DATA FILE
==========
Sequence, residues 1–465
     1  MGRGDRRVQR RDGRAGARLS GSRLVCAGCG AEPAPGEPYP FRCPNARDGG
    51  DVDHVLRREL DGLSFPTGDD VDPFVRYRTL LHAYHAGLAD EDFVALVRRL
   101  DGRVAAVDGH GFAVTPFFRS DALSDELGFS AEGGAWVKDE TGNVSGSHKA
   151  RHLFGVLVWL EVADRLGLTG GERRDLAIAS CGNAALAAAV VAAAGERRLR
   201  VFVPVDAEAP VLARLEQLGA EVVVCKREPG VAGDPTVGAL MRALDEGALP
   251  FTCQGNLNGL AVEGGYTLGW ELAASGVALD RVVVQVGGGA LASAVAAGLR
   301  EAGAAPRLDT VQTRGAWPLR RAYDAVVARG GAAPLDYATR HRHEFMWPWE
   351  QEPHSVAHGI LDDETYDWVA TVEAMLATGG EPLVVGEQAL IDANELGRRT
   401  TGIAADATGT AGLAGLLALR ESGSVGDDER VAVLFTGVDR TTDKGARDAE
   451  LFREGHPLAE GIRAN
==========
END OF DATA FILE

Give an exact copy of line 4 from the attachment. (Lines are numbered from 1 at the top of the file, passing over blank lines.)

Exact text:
   101  DGRVAAVDGH GFAVTPFFRS DALSDELGFS AEGGAWVKDE TGNVSGSHKA